When one door closes, another opens. For Christine Faunce, the closing door is Virginia Tech, where she has spent four-plus years as student, lab research assistant, resident advisor, volunteer, and advocate.

The opening door? The University of Pennsylvania, where she will pursue a Ph.D. in pharmacology.

As with many college students at Virginia Tech and around the world, the past year has brought challenges for Faunce — uncertainty, classes online rather than in person, opportunities lost, and missed months of not being able to continue her passion of research in a laboratory setting. But it has also brought rewards. Faunce, who is earning dual degrees in experimental neuroscience and medicinal chemistry, won the Astronaut Scholarship Foundation award, and now she has been named the 2021 Outstanding Senior in the College of Science.

“Before beginning the graduate school admissions process, [the pandemic] reinforced my decision to pursue my Ph.D. because I immediately realized how much I missed doing benchwork science,” Faunce said. “I am really excited to be able to merge my interests in chemical biology and psychiatric illness pathophysiology through the research at Penn.”

Her career goal: help provide novel, safe, and more effective therapeutics for psychiatric illnesses.

Faunce was slated to spend the summer of 2020 working inside the lab of Megan Matthews, an assistant professor of chemistry with UPenn’s College of Arts and Sciences. COVID precautions nixed that. Instead, she continued work, albeit virtually, in the lab of Matt Buczynski and Ann Gregus, both assistant professors with the Virginia Tech School of Neuroscience, who research drug addiction and its functional role in neurological disorders.

Faunce also spent many of the past few months performing data analysis or coding animal behavior videos for Buczynski and Gregus, and completing her medicinal chemistry degree in the Department of Chemistry.

Before she heads off to Philadelphia, she will return, in person, to finish several projects involving molecular and behavioral consequences of drug addiction of mice in the Buczynski-Gregus lab.

“I am grateful that Dr. Buczynski is giving me the opportunity to work in the lab for a month after graduation because I truly have missed it,” Faunce added.

After winning the Astronaut Scholarship Foundation award, Buczynski said of Faunce, “Christine is a phenomenal researcher, with an exceptional ability to seamlessly work between disciplines to tackle challenging problems in neuroscience. It’s been a privilege to work alongside someone with her talents, and I look forward to seeing her accomplish great things in the years ahead.”

During her time at Virginia Tech, Faunce found mentors in Buczynski and Gregus, as well as Scott Geller, an Alumni Distinguished Professor in the Department of Psychology’s Center for Applied Behavior Systems, and two of his graduate students, one of whom passed away in 2017. She credits other faculty members and fellow students in the Virginia Tech Honors College as additional inspirations.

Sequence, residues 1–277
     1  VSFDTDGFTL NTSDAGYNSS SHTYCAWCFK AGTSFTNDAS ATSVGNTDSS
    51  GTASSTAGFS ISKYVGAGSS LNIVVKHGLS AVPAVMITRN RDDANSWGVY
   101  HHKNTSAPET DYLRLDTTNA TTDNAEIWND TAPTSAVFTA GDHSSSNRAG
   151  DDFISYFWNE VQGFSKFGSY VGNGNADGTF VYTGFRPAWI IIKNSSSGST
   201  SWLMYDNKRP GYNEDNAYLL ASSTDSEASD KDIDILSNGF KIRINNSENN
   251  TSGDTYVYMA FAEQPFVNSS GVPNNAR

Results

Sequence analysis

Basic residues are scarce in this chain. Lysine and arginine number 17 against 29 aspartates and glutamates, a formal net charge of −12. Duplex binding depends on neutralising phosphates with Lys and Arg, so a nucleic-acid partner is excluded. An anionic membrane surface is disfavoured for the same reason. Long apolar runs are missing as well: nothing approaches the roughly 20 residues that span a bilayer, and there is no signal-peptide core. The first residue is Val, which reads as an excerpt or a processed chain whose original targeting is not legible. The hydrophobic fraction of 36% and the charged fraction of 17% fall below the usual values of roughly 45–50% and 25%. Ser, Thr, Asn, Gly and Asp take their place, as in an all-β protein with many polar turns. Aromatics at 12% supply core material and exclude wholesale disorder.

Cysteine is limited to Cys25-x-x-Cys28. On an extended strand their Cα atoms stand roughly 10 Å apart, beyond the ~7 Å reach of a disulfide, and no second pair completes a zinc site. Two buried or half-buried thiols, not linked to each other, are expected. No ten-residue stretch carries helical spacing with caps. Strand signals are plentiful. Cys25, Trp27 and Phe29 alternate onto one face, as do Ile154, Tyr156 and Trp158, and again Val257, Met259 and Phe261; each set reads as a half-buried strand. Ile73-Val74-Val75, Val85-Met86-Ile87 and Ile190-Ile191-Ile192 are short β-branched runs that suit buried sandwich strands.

“The past five years have not only been about learning neuroscience and chemistry, but also how to stick up for myself as a woman in STEM,” Faunce said. “When I was a sophomore, I serendipitously decided to take organic chemistry — seriously just for fun — and it turned out to be the best decision of my undergraduate curriculum. I became immediately enthralled with the subject and how it could apply to neuroscience, which is why I decided to add a second major of chemistry. But in high school, I would have never thought I would succeed as a STEM major, let alone a double major, and a large part of that was due to my lack of self-confidence.”

Her love of chemistry spilled over into role as a resident advisor of Hillcrest Hall, home of the Honors College, where she hosted chemistry nights. “I understand what it feels like to be intimidated by a subject such as chemistry, but I think when your perspective changes from living a life led by intellectual curiosity rather than fear and intimidation, it's incredible the things people can accomplish,” she added.

It was during her time as a resident advisor that Faunce was awarded the Housing and Residence Life Ryan C. Clark Award for Most Outstanding Spirit for her commitment to student learning. Her other efforts and accolades are long: Her work has been acknowledged through fellowships from the Henry Luce Foundation’s Clare Boothe Luce Program for Women in STEM and the Louis Stokes Alliance for Minority Participation. She is also an Aspirations Fellow who won the Aspire! Award for Curiosity, an honor that recognizes students, faculty, and staff who exemplify Virginia Tech Student Affairs’ Aspirations for Student Learning. 

She also served as an undergraduate teaching assistant in the Department of Chemistry, lead ambassador for the School of Neuroscience, and Student Intellectual Property Society vice president, and helped found the Virginia Tech chapter of Nu Rho Psi, a National Honor Society in Neuroscience, in 2019.

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